I’m not entirely sure what to make of the Season 7 House, M.D. finale. I will have much more to say about it, and have a chance to process my own feelings about it later in the week after I’ve had an opportunity to talk with the episode’s writers Peter Blake and Kath Lingenfelter.
Until the last few moments of the episode, they completely had me riveted: a patient (Shohreh Aghdashloo) whose unnerving mirror image portrait of House (Hugh Laurie); House finally processing what has happened between him and Cuddy, realizing that what he had done to his leg was just insane, and that something has to change. He has to change.
House is hurt, and not just from Cuddy. He doesn’t blame her, he says for the breakup. “It’s not your fault,” he tells her, acknowledging rightly or wrongly that his own faults have rendered him essentially unlovable.
But House has been a ticking time bomb for seven seasons. He wants to change; he struggles with his inability to change. He’s tired of being judged and analyzed and having his motivations, his pain and torment questioned. He is stuck and he knows it; he doesn’t need Wilson or Foreman or Cuddy or a patient to remind him of that. And I totally get that. We are meant to see House being pushed and edged to the brink, wanting desperately to be who he does not believe he can be. “It’s not your fault.” Read, “It’s mine.”
But the last five minutes do not add up for me. And I wonder why. With House insanely (and I do mean really insanely) crashing his car into a house full of people—with the potential for loss of life (never mind that it is Cuddy in the house), I’m not sure what to think; maybe that’s the point. (It is, after all, a season finale.)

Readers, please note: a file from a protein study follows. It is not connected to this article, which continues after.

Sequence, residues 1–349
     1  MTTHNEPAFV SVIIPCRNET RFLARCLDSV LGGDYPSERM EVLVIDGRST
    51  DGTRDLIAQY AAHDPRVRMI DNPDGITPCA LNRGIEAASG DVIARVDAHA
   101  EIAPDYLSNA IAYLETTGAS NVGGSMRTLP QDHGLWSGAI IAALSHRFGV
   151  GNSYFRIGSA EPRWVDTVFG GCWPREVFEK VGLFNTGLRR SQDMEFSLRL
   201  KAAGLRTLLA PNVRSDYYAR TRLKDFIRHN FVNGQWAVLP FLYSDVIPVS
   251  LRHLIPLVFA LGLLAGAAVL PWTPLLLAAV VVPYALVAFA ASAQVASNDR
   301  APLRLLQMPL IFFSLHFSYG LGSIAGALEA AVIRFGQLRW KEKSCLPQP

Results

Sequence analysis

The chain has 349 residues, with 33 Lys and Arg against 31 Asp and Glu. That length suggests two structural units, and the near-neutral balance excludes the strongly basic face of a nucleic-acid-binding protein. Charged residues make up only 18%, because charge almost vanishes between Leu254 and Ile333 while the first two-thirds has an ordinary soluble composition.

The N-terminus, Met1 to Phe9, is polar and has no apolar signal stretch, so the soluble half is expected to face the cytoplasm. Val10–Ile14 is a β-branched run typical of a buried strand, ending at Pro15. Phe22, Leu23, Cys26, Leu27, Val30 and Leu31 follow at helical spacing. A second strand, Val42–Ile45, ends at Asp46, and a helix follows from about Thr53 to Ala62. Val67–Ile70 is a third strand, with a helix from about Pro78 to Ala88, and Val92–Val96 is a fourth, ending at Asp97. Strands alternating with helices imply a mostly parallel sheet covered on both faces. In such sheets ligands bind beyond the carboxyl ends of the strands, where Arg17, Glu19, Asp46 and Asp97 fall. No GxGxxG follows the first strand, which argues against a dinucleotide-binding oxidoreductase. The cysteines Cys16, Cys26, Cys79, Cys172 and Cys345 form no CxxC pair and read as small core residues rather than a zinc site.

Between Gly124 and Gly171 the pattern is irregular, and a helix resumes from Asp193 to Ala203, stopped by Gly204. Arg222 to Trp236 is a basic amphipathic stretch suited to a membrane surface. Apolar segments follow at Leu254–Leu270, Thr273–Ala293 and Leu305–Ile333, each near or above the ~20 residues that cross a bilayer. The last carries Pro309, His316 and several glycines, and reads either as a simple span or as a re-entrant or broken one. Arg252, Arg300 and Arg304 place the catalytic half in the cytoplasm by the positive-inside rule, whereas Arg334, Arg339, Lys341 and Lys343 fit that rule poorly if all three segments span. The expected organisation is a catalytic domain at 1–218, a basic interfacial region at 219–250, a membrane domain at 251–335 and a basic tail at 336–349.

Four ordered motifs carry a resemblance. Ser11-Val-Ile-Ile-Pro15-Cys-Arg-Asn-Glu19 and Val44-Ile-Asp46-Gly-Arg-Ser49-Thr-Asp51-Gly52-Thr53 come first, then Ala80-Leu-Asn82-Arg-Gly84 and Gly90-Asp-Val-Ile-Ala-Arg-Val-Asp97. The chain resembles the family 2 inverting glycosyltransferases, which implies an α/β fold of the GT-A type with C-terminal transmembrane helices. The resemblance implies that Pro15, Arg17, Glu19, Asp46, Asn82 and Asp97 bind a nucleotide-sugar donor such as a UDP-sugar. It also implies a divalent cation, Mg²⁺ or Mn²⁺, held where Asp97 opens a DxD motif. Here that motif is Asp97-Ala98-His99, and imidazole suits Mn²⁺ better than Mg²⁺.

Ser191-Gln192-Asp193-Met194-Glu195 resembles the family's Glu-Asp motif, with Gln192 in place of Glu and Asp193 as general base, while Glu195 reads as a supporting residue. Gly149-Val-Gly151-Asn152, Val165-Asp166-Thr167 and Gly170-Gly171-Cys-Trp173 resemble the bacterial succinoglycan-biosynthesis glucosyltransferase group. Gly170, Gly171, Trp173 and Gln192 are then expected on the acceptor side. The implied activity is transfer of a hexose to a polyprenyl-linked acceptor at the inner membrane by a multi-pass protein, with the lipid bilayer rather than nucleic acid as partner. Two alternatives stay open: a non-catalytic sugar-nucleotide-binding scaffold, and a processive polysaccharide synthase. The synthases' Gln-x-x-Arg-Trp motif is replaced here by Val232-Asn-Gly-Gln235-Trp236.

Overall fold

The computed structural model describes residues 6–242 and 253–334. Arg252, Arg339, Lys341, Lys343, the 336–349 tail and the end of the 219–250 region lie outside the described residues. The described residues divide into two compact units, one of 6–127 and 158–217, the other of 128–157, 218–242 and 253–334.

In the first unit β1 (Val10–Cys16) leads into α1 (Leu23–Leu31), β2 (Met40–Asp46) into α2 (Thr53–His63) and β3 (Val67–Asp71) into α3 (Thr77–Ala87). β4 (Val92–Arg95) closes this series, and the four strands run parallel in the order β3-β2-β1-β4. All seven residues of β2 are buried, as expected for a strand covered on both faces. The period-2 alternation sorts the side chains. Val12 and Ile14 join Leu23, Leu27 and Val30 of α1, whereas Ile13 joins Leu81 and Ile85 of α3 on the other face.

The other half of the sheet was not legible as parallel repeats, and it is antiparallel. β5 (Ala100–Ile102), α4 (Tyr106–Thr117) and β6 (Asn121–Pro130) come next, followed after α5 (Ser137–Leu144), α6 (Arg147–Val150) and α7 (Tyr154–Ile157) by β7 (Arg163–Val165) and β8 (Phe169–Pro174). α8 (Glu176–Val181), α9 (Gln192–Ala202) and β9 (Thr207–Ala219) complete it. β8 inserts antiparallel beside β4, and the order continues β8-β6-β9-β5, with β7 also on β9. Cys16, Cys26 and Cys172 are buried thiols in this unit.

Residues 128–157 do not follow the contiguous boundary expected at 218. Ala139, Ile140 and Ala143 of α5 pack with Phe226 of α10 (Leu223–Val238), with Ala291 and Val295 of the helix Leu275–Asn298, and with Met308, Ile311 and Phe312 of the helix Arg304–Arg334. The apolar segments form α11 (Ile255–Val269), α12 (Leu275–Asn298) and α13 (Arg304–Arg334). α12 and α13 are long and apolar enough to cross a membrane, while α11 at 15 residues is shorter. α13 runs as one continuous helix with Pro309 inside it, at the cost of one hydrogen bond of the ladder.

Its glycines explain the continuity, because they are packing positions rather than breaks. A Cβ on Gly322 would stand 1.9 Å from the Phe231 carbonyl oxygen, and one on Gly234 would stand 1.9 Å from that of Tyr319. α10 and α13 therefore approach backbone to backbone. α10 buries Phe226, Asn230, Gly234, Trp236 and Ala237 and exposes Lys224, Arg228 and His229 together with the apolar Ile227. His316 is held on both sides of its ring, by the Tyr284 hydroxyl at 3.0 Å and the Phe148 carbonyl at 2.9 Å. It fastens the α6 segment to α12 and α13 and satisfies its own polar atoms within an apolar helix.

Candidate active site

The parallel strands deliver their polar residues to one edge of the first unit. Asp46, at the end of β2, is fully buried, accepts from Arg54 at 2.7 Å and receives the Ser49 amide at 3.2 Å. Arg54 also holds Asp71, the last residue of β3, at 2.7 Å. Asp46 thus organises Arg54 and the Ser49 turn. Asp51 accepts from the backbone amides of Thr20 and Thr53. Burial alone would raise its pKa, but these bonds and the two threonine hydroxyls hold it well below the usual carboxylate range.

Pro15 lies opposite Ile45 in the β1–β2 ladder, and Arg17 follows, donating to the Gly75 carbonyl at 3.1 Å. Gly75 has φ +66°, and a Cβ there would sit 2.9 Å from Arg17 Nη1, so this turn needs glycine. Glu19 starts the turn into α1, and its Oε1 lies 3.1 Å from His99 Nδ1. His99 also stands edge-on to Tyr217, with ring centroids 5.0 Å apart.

Vicodin plays a hugely important part of this episode. House is taking it like candy; it’s at his bedside—in the ICU. Is it there to remind us that House on Vicodin is a disaster waiting to happen? The amounts he’s taking will do more than trash his liver, as Wilson suggests. For House, Vicodin means hallucinations.
Then there is House’s mirror image patient. She’s a performance artist who would do anything (even kill herself) for her art; nothing is more important than that, not love, not life. But even the mirror image cracks at then end; she is able to change when he is not; House argues and pleads with her, his anger seeping through his usual guarded surface. Is he arguing with himself? Trying to understand himself?
And then comes the final sequence, from Wilson’s visit to House’s apartment through the end, and the shock of House intentionally crashing his car into Cuddy’s home—and then his walking away from it, uncaring, barely a word, self-satisfied, leaving devastation in his wake as he walks merrily into the sunset.
So, I have to wonder how much of “Moving On” plays out in House’s mindscape. It’s a device the creative team has used before, however usually with clues (but not always—think “Under My Skin”). If it isn’t all imagined (and I would guess not all of it would be), I wonder if everything from the point of Wilson’s visit (at least) is either in House’s mind or a delusion seen from inside House’s point of view.
Or maybe things go surreal after House sees Cuddy with her sister’s friend enjoying an ordinary life, something unobtainable for her as long as House was in her heart. Ordering Wilson from the car, House drives away at top speed, beyond caring. Has he just kept on going, breaking from reality to imagine he has turned the car around and crashed into Cuddy’s home?
Or has he just snapped, and everything we see on screen is exactly what happens in the story? Of course there is the possibility that it’s all real—a terrible, terrible tragedy for all involved. After seven seasons of repressed anger and issues with his father, his mother, Stacy, Wilson, and Cuddy, has House finally snapped? The ticking time bomb exploded big time?